The PyDSTool software environment is designed to develop, simulate, and analyze dynamical systems models, particularly for biological applications. Unlike the engineering application focus and graphical specification environments of most general purpose simulation tools, PyDSTool provides a programmatic environment well suited to exploratory data- and hypothesis-driven biological modeling problems. In this work, we show how the environment facilitates the application of hybrid dynamical modeling to the reverse engineering of complex biophysical dynamics; in this case, of an excitable membrane. The example demonstrates how the software provides novel tools that support the inference and validation of mechanistic hypotheses and the inclusion of data constraints in both quantitative and qualitative ways. The biophysical application is broadly relevant to models in the biosciences. The open source and platform-independent PyDSTool package is freely available under the BSD license from http://sourceforge.net/projects/pydstool/. The hosting service provides links to documentation and online forums for user support.
Citation: Clewley R (2012) Hybrid Models and Biological Model Reduction with PyDSTool. PLoS Comput Biol 8(8): e1002628. https://doi.org/10.1371/journal.pcbi.1002628
Editor: Andreas Prlic, University of California, San Diego, United States of America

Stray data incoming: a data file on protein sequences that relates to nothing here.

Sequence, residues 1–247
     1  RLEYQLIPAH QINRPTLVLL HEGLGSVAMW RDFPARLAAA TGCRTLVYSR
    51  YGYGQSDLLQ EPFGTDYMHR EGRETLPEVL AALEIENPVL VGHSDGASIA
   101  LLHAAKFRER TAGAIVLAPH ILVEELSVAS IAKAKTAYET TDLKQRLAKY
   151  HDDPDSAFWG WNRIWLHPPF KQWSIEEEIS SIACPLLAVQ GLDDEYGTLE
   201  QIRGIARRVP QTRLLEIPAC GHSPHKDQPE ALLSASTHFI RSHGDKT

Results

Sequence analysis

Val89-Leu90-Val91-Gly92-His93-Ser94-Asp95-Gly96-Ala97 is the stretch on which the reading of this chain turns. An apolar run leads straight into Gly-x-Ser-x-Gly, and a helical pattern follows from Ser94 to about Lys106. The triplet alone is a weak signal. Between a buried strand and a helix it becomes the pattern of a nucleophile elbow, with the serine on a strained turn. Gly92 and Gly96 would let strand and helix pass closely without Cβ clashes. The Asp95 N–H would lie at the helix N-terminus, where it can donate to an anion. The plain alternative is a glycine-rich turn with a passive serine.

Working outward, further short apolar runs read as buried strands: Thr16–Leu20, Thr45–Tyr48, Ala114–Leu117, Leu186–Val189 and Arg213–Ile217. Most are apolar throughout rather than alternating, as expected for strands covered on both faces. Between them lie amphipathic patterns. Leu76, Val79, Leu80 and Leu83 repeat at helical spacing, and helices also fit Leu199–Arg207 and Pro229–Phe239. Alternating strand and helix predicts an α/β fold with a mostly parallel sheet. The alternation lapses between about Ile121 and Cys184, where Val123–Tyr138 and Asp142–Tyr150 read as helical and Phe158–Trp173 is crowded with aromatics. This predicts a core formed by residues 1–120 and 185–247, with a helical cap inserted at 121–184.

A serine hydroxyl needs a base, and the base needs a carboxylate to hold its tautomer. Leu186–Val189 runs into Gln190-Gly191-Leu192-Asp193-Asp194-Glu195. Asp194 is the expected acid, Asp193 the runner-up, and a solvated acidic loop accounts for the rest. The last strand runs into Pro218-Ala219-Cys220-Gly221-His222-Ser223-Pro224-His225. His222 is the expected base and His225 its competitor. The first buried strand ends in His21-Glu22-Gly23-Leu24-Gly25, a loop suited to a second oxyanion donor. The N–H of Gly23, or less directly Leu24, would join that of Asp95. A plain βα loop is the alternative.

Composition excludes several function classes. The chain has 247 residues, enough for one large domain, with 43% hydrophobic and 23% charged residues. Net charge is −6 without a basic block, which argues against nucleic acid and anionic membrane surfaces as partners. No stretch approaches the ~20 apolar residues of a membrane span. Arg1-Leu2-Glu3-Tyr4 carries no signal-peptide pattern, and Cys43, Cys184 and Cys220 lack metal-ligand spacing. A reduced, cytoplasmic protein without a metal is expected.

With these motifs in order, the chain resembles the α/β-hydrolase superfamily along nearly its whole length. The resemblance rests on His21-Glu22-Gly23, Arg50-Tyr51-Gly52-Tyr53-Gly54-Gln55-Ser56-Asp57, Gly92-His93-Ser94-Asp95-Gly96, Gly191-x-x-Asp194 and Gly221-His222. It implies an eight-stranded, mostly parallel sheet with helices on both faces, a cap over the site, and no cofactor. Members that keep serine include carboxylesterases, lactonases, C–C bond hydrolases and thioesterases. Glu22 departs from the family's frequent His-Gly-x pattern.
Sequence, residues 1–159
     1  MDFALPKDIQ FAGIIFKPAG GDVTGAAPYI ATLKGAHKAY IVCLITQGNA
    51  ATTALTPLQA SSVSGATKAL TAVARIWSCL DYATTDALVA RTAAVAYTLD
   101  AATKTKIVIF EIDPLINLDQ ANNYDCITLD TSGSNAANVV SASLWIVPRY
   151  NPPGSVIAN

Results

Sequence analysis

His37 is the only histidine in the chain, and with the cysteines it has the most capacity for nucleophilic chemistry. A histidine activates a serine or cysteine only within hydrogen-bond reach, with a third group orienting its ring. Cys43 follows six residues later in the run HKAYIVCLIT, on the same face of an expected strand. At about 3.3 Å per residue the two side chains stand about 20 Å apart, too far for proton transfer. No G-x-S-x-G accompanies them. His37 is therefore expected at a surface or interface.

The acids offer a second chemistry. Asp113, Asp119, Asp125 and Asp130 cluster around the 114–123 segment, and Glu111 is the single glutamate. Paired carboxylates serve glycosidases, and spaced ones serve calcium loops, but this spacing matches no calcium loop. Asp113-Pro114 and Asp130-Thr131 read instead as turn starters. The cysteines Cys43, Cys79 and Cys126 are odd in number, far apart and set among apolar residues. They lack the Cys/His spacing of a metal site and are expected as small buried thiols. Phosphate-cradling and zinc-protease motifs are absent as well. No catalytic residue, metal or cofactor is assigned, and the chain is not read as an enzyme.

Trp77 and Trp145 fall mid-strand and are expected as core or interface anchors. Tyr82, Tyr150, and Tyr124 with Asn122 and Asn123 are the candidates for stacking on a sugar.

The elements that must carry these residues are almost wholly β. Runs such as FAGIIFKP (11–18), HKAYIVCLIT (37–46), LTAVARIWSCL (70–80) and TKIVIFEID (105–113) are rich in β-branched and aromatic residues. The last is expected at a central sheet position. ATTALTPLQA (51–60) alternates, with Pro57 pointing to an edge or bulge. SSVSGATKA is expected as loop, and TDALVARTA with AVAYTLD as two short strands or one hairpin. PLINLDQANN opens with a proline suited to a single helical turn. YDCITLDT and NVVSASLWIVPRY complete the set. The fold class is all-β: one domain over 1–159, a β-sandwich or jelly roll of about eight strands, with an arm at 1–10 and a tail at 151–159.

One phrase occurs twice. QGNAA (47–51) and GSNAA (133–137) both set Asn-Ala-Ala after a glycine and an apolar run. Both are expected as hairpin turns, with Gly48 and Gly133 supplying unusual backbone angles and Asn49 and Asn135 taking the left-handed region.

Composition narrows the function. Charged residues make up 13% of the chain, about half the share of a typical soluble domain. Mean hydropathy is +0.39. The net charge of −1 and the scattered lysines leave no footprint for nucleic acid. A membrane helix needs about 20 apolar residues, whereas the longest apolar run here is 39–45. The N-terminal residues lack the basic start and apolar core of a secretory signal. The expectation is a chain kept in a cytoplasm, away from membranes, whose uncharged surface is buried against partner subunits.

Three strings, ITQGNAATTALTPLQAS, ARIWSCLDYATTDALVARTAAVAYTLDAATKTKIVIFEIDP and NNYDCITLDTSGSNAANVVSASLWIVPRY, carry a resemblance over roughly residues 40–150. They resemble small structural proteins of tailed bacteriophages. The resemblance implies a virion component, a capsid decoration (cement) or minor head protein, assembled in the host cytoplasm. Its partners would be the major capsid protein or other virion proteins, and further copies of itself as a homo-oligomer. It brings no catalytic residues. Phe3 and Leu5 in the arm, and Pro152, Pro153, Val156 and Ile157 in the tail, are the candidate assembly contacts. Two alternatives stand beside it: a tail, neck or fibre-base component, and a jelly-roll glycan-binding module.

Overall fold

Received: December 22, 2011; Accepted: June 8, 2012; Published: August 9, 2012
Copyright: © Robert Clewley. This is an open-access article distributed under the terms of the Creative Commons Attribution License, which permits unrestricted use, distribution, and reproduction in any medium, provided the original author and source are credited.
Funding: This research was supported, in part, by NSF award EMT-0829742 (http://www.nsf.gov/awardsearch/showAward.do?AwardNumber=0829742). The funders had no role in study design, data collection and analysis, decision to publish, or preparation of the manuscript.
Competing interests: The author has declared that no competing interests exist.
There are now many simulation and visualization software packages available for individual application domains across the biosciences, and several general purpose packages for analyzing dynamical systems. However, less attention has been paid to the tools needed to develop models for complex phenomena through inference and reverse engineering of natural systems –. The unique scientific focus of the PyDSTool software package  (current version provided in Supplemental Text S4) is providing integrated simulation, informatic, and diagnostic tools to support a forward-looking modeling methodology for the biosciences. This fills a niche in the biosciences where mathematical tools such as dimension reduction, qualitative dynamical systems theory and bifurcation analysis can be better integrated into modeling workflows. To enhance this support, PyDSTool is open source, and is extensible and inter-operable with existing application-specific tools rather than competing with them. As such, PyDSTool fills a niche that is between large-scale simulation tools, capable of efficiently handling thousands of variables (e.g., Neuron , NEST , VCell  or Bio-SPICE ), graphically interactive environments that are better suited for relatively small numbers of variables (e.g., XPPAUT , DsTool  and CONTENT ), and lightweight scripting in Matlab  or SciPy . This niche is detailed below by considering some unmet challenges to model development.